As WWI Centennial Plans Begin, So Do The Conflicts

It didn’t end all wars as it was supposed to do and it’s still creating conflicts a hundred years later. The Commonwealth War Graves Commission has already started its enormous restoration project on every single stone and cemetery, in total 24,000 locations and 150 countries.

But how would it be best to commemorate this conflict, which took the lives of so many millions of people and completely changed the course of human history. While France and Britain might want to remember the conflict as a victory they won at a very expensive price, they don’t want to upset their current ally Germany, which lost the First World War.

Others say the real feeling of war and the madness of war can’t be remembered through a series of militaristic activities and that the focus should be to maintain peace all over the world. So how should we pay our respects to the fallen ones?

It all began when Bosnian Serb nationalist killed the heir to the Austro-Hungarian Empire, Archduke Franz Ferdinand, on July 28, 1914. Austria-Hungary declared war on Serbia. Four days later, Russia and Germany declared war on each other, while the very same day, France ordered a general mobilization. 20 million soldiers died by the end of the conflict, the Los Angeles Times reports.

In Britain, activities of remembrance will be running for four years, including museum tours, lectures, films, school trips and history projects.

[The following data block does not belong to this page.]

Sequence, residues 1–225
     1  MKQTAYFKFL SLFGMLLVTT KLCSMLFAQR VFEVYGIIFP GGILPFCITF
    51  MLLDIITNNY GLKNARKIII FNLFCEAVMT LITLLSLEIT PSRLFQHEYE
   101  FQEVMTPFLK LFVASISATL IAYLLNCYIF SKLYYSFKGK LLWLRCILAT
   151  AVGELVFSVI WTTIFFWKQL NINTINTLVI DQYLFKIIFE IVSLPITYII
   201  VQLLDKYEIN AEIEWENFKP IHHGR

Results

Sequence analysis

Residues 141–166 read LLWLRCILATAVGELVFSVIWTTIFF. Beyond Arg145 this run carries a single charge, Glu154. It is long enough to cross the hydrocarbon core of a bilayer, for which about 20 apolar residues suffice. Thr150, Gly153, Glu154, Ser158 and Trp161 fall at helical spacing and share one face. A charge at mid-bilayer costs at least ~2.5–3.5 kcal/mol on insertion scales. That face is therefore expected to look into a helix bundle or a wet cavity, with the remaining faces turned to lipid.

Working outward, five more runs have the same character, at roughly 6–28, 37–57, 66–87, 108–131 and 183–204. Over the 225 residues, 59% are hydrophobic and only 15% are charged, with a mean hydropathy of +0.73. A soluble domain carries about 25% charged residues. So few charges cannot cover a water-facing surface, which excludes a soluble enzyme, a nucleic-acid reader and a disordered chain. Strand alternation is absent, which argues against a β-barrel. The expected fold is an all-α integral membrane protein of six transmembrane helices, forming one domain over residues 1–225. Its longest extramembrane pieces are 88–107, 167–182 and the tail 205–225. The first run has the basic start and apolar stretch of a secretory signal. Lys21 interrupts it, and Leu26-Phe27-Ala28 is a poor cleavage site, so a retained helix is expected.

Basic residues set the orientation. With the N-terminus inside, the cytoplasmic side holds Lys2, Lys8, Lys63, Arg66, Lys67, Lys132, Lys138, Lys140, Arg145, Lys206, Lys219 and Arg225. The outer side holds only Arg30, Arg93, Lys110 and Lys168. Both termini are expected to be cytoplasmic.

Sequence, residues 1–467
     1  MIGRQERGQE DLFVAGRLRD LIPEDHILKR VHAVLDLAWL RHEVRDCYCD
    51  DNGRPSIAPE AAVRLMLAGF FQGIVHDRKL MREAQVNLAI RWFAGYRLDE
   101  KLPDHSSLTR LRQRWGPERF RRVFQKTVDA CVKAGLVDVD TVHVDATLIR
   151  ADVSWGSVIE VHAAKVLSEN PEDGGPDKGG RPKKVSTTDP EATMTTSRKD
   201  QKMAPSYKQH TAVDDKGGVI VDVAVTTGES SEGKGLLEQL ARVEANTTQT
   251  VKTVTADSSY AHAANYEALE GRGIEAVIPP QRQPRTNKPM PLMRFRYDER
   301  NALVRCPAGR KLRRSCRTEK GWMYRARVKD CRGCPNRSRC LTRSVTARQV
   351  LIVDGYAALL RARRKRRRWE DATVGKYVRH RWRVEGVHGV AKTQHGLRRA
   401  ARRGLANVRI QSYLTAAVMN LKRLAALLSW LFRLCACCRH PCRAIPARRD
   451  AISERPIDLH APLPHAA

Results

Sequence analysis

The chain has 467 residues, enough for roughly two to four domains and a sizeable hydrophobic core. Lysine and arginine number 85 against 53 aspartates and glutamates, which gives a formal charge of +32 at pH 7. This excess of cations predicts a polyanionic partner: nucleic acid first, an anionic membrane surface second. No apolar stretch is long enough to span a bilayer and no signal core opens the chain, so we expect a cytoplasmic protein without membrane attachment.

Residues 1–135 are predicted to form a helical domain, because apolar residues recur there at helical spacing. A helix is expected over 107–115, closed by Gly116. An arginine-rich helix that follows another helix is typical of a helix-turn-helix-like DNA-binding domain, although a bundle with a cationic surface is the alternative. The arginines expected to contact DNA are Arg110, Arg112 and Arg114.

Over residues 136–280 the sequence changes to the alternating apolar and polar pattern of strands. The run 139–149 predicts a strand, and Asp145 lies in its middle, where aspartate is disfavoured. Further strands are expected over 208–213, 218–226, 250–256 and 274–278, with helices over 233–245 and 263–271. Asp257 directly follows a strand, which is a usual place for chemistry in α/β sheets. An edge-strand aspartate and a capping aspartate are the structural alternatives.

French President Francois Hollande has invited all 72 nations engaged in the war to join him for the war’s annual military parade, which is going to be held in July, in Paris. France, who lost over 1 million soldiers is yet to unveil its latest monument recalling the 1914 Battle of the Marne, in which half a million soldiers died or were wounded in less than a week.

Germany is planning to put on a series of exhibitions to mark the 100th anniversary and to emphasize the ‘sense of European Union unity’ over the years. “Our look is at reconciliation, to have as many former enemies together as possible and to show that we have learned from our mistakes,” said a spokesman for the German Embassy in London, Mr Norman Walter.

In the meantime, disagreements continue over the significance of the war as some say this war should never had happened. However, it will not be like it was 50 years ago, when veterans were still alive to tell the stories and prevent dispassionate discussions. Not so many are still alive today.

Ian Harvey

Ian Harvey is one of the authors writing for WAR HISTORY ONLINE